Martín Gaite’s penchant for the unconventional and for transgressing generic boundaries is evident in El cuento de nunca acabar (1983; The never-ending tale), where literary theory is enlivened by personal anecdotes, conversational tone, and confidential manner. The subtitle Apuntes sobre la narración, el amor y la mentira (Notes on narration, love and lies) is reassuring in its suggestion that the book is not a learned treatise but a series of notes jotted down at odd moments. The inclusion of seven prologues hints at the leisurely pace of what is to follow and its digressive structure, but the jottings all bear upon the art of storytelling and are strategically positioned despite their seeming disorder. Like Montaigne, Martín Gaite conceives of the essay as a journey and persuades us that the ultimate destination is secondary to the pleasures encountered along the way. We, the readers, are cast in the role of traveling companions and conversational partners to whom she repeatedly stretches out her hand so as to make contact and invite us to engage in a dialogue with her. In the opening paragraph of El cuento de nunca acabar she compares the process of writing the book to embarking on a voyage along a river swollen by water from various tributaries (her previous works, other journeys, her first readings, youthful visions and desires) and fed by a subaqueous current (the conversations she has heard during her lifetime).
Phillip Lopate reminds us in The Art of the Personal Essay (1994) that the novel and the essay rose together and fed off each other as literary forms, and Martín Gaite relies on novelistic techniques in her essays, telling stories, incorporating dialogue, portraying characters, and painting scenes. The sense of her presence is strong, and yet the “I” that speaks in the essays, however much it may resemble that of the real-life author, draws upon her experiences, and invites identification of the writerly with the historical self, is in fact carefully constructed. The creation of a persona is one more strategy in the game of literature that Martin Gaite plays so well and with such relish. Although she is best known for her fiction, she is also a talented essayist, and this aspect of her writing is gaining increasing criticai attention.
Born 8 December 1915 in Salamanca. Studied at the Feminine Institute of Salamanca;
University of Salamanca, 1943–48, degree in romance philology, 1948; University of Madrid, doctorate, 1972. Married Rafael Sánchez Ferlosio, 1953 (divorced, 1987): one son and one daughter (both died). Writer-in-residence, University of Virginia, Charlottesville, 1982.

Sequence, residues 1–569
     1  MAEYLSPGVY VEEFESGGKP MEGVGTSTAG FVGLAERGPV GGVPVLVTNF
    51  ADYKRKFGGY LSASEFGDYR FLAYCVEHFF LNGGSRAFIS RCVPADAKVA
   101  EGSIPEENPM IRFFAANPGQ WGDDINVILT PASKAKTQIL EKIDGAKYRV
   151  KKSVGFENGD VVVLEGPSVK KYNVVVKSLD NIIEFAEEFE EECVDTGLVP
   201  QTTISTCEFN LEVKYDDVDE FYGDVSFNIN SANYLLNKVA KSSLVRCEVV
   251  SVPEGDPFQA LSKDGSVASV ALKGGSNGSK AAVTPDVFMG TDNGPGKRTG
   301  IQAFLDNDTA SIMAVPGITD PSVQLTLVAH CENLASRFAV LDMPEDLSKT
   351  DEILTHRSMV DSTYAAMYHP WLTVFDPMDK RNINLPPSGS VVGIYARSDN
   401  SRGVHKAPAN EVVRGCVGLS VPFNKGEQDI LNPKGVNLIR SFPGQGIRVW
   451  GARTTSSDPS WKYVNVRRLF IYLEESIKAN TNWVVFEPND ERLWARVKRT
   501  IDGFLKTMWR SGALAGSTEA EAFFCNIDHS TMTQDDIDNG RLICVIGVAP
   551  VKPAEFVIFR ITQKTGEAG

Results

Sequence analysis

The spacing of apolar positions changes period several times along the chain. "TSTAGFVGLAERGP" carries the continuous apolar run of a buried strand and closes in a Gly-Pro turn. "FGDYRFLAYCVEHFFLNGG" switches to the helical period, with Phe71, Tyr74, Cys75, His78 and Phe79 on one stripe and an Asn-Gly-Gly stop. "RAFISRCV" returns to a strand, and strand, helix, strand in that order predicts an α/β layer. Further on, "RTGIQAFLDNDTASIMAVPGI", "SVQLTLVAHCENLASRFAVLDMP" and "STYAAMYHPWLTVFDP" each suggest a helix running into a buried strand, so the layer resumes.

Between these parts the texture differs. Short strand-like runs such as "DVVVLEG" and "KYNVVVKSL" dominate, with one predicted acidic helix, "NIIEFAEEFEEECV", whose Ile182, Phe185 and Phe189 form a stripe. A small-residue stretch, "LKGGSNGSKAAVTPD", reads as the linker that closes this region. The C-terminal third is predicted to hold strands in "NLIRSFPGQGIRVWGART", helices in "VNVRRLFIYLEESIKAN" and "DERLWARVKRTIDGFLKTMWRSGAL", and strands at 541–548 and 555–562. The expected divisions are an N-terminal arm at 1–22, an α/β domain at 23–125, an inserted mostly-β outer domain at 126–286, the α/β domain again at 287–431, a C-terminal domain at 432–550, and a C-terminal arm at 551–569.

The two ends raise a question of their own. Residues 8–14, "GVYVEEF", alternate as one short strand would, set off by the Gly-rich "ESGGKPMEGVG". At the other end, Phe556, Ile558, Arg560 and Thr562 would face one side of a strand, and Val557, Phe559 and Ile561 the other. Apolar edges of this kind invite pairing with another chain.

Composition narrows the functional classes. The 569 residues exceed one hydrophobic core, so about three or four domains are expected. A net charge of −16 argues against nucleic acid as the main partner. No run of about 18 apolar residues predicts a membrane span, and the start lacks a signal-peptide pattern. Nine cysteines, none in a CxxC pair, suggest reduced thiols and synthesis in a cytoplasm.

Awards: Gijón Prize, 1954; Nadal Prize, 1957; National Prize for Literature, 1978; Anagrama Essay Prize, 1987; Booksellers’ Guild Golden Book Award,
1987; Prince of Asturias Prize, 1988; Castile and Leon Prize for Letters, 1991; National Prize for Spanish Letters, 1994.
Essays and Related Prose
Usos amorosos del dieciocho en España, 1972; as Love Customs in 18th-Century Spain, translated by Maria G.Tomsich, 1991
La búsqueda de interlocutor y otras búsquedas, 1973
El cuento de nunca acabar: Ap.untes sobre la narración, el amor y la mentira, 1983
Usos amorosos de la postguerra española, 1987
Desde la ventana: Enfoque femenino de la literatura española, 1987
Agua pasada: Artículos, prólogos y discursos, 1993
Other writings: several novels (including El balneario, 1954; Entre visillos [Behind the Curtains], 1958; Ritmo lento, 1963; Retahílas, 1974; El cuarto de atrds [The Back Room], 1978; Nubosidad variable, 1992; La Reina de las Nieves, 1994), short fiction, and books for children.
Bergmann, Emilie L., “Narrative Theory in the Mother Tongue: Carmen Martin Gaite’s
El cuento de nunca acabar” in Public Forums, Private Vieivs: Spanish Women Writers and the Essay, forthcoming
Brown, Joan Lipman, “Carmen Martín Gaite,” in Spanish Women Writers: A Bio- Bibliographical Source Book, edited by Linda Gould Levine, Ellen Engelson Marson, and Gloria Feiman Waldman, Westport, Connecticut: Greenwood Press, 1993: 286–95
El Saffar, Ruth, “Shaping the Chaos: Carmen Martín Gaite and the Never-Ending Tale,” International Fiction Review 11, no. 1 (1984):25–30
Gómez Pérez, Angel Javier, “Pasos en busca de esa soledad”(review of Usos amorosos del dieciocho en Espana), Nueva Estafeta 42 (May 1982):94–99
Pérez, Janet, “Spanish Women Writers and the Essay,” Siglo XX/20th Century 4 (1986– 87):43–54
Pope, Randolph D., Amy Kaminsky, Andrew Bush, and Ruth El Saffar, “El cuento de nunca acabar: A Critical Dialogue,” Revista de Estudios Hispánicos 22 (1988):107–34
Sullivan, Constance A., “The Boundary-Crossing Essays of Carmen Martín Gaite,” in The Politics of the Essay, edited by Ruth-Ellen Boetcher Joeres and Elizabeth Mittman, Bloomington: Indiana University Press, 1993